I would like to learn more about this, but here are a few tidbits from the above links which are interesting. While the name evokes the earlier Templeton funding of the Foundational Questions Institute (FQXi), this program is more geographically centered (in Boston) and so, while not involving a new independent physical institute, it nonetheless is less “virtual” than FQXi. FQXi exists mainly to provide grants to scholars whose work in foundational physics might not otherwise garner funding from traditional sources. FQEB seem to be more people-driven (and Harvard/Boston oriented), and Nowak’s role seems crucial.

Importantly to me, however (as someone who watches Templeton -- see here and here -- and “roots” for them to apply their vast resources wisely), the initiative raises more potential controversy in terms of whether pure science will result from this effort versus a bias to search out and rationalize religion-friendly results. (This is not an issue with FQXi, which I think anyone who supports pure physics would be at least broadly pleased with):

  • The stated goal includes a reference to "understandings of teleology and concepts of ultimate purpose".
  • A Templeton officer says a “next phase of FQEB” will include “rigorous integrative work” with scholars in philosophy and theology. 
  • The board includes a Divinity professor(!)
  • Nowak, who has had affiliations with Templeton for some time, is himself is a committed Christian (was this a necessary if not sufficient fact in spurring this initiative?). A short essay where he expresses some of his views is here.
 The reason this is concerning, obviously, is that this country has faced an long and ongoing challenge to keep education in evolutionary biology free from interference from misguided religious folks.  The Templeton Foundation has disavowed any support for the most prominent recent political agitators in this area – the “Intelligent Design” movement -- and I think their efforts in supporting science/religion rapprochement have been harmless (if often wasteful, in my opinion). But why make a big effort in science funding in this crucial and sensitive area (which is a wonderful idea) and then contaminate it with any religiosity at all? That concerns me and I’m worried that it is a big mistake.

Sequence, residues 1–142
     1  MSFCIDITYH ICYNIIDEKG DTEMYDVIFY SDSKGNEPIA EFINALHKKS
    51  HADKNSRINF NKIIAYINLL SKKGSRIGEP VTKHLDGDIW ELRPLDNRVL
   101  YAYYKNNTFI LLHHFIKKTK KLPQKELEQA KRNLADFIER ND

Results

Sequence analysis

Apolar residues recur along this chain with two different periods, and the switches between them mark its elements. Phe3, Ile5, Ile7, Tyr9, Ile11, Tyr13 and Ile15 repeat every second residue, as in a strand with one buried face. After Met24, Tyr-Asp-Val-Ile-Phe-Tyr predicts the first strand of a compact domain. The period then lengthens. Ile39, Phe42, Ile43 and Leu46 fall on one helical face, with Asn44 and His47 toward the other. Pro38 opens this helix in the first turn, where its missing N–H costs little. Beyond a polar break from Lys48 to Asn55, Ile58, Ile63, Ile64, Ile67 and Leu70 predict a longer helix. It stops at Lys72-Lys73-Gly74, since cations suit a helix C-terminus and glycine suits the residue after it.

[UPDATE 8 Jan.2010: It seems the Templeton newsletter emailed to me on 6th January, which is my first link above, was the first public notice of this; the next blogosphere notice was today and comes from the "Intelligent Design" promoter, William Dembski, here. My brief opinion of ID is above and in an earlier blog post here.]

[UPDATE 20 Jan.2010: Templeton has announced funding priorities for the new year, and, of interest to this blog, they include Quantum Physics and the Nature of Reality and Foundational Questions in the Mathematical Sciences.]

[UPDATE 21 Jan. 2010: Also interesting to me is Templeton’s recruiting of journalist and blogger Rod Dreher to a post called a director of publications. His new blog is here (the first post is here). I assume it is no accident that he is a Christian conservative. There seems to be plenty of circumstantial evidence of an ongoing tension at JTF between the late founder’s clearly non-sectarian, progressive view of the religious impulse and the current Christian conservative leadership.]

Monday, January 04, 2010

A Crystallizing Universe

The use of a phase transition to describe reality pops up in this paper by George Ellis and Tony Rothman: “Time and Spacetime: The Crystallizing Block Universe.”

I had previously read Ellis’ contribution to the FQXi contest on time: “On the Flow of Time”. In that essay, Ellis criticized the notion of picturing the universe as an unchanging four-dimensional space-time block, and proposed a model of an “Evolving Block Universe”, which includes the indispensable notion of time flow. In this new paper, Ellis and Rothman fine-tune this idea.

They associate the flow of time with the transition from a quantum future to a classical past: this transition is marked by the time-irreversible process of quantum state-vector reduction (measurement). They note, however, that phenomena displayed in certain quantum set-ups (delayed choice and quantum eraser schemas) show that the transition process doesn’t take place uniformly. This non-uniform nature of the transition inspired the crystallization metaphor.

I like that Ellis takes quantum measurement seriously as a natural process (actualizing potentialities) and links this transition to the experienced flow of time.